Making homes more accessible to people with physical challenges and those who wish to remain in their homes as they age is much more than a trend. For many, it’s a necessity, and aging-in-place contractors and universal design contractors are responding to the need.
While the terms are sometimes used interchangeably, there are differences between aging-in-place and universal design. Knowing how they differ may help you in your search for a contractor with the skills to take on your home modification or home building project.
Aging in place modifications
As the term implies, aging in place modifications enable people to stay in their homes as long as possible as they grow older. Generally, aging-in-place contractors focus on making changes to an existing home to make it safer and more comfortable as its occupants’ physical abilities change. These changes may be the installation of grab bars in tubs and showers or replacing steps with ramps.
As more than three-quarters of a million Americans are beginning to reach retirement age, the services of aging-in-place contractors is more in demand. As a result, the National Association of Home Builders offers the Certified Aging in Place Specialist (CAPS) designation program, which instructs contractors in the business management, customer service and technical aspects of home modifications. There also are programs for interior designers and others to become certified as aging-in-place specialists.
This term applies to people of all abilities and ages, from those buying a first home to families with multiple generations under one roof. Universal design usually refers to the design of brand-new homes that incorporate its principles, but it can also refer to changes made to existing homes that increase convenience and ease of use.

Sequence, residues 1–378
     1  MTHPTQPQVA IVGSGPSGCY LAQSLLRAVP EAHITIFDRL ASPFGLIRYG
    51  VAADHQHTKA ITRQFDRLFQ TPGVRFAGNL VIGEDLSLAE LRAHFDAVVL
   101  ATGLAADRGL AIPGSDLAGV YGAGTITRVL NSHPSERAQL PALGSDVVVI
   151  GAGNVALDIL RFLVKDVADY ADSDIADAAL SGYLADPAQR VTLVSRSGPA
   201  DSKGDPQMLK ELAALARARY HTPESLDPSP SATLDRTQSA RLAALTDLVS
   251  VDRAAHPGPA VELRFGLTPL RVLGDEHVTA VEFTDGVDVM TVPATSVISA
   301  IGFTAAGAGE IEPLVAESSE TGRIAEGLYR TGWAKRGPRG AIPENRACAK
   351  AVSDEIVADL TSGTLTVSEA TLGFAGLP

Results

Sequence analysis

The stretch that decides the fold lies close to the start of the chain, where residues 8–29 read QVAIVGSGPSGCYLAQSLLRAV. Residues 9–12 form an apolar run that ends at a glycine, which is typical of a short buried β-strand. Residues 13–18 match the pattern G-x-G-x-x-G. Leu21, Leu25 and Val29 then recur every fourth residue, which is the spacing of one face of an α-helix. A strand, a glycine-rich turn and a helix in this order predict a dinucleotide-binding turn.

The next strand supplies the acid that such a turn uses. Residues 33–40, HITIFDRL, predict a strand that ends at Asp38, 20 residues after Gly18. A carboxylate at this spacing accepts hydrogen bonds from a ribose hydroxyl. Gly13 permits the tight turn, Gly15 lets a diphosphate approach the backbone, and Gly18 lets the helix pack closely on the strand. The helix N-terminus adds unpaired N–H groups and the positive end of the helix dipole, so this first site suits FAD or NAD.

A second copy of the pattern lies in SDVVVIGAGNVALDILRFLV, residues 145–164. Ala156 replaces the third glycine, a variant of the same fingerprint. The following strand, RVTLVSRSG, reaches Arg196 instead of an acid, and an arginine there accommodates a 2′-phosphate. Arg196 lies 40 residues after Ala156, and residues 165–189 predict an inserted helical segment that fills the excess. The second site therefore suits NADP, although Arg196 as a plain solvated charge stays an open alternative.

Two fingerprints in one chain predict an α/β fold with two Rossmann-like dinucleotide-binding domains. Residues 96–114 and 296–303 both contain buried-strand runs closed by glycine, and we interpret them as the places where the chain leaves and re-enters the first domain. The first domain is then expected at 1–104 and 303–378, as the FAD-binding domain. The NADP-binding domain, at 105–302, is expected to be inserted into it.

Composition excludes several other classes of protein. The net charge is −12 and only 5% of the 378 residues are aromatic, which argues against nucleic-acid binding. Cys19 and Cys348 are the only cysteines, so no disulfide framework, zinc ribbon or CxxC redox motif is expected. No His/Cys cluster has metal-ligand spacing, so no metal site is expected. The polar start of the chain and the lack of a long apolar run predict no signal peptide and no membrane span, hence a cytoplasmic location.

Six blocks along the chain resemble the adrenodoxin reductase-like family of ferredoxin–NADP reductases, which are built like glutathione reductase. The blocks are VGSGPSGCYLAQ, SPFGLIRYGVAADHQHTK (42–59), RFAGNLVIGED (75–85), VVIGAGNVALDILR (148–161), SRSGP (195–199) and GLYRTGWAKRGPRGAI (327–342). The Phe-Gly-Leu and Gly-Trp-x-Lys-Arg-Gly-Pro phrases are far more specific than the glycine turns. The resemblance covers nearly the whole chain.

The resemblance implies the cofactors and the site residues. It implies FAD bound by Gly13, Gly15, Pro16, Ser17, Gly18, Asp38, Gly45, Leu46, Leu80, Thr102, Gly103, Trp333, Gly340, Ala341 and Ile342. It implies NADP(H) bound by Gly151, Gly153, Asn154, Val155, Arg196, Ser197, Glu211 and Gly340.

For many practitioners, the goal is to have universal design features be as unnoticeable and as seamlessly incorporated as possible. In addition to aesthetics, universal design approaches usually include consideration for future adaptability. An example would be constructing walls so that grab bars can be added with little effort at some later time, but not before they are needed.
Features in common
Regardless of how they’re referred to, aging-in-place and universal design features often overlap since they share the goal of making it easier for people to use and move about their homes. Here are just a few features or modifications that contractors can help you with:
- Wide hallways and doorways to easily accommodate wheelchairs, strollers or other mobility devices.
- Pocket doors to reduce the amount of space that hinged doors require.
- Bathrooms on main floors with plenty of space in which to move around.
- Fixtures, such as kitchen or bathroom sinks, with space underneath and at the proper level to allow wheelchair users to access them more easily.
- “Zero step” entrances to at least one door from the outside.
- Wall-hung toilets that can be placed higher or lower as necessary.
- Larger showers with oversized doors and no curbs or thresholds.
- Additional lighting to make navigation around the home safer.
- Accessible switches and controls, including electrical outlets, light switches and thermostats.
- Lever-style door handles and faucets.
Retrofitting or building a new home? Find an aging-in-place or universal design contractor with Contractor Connection.
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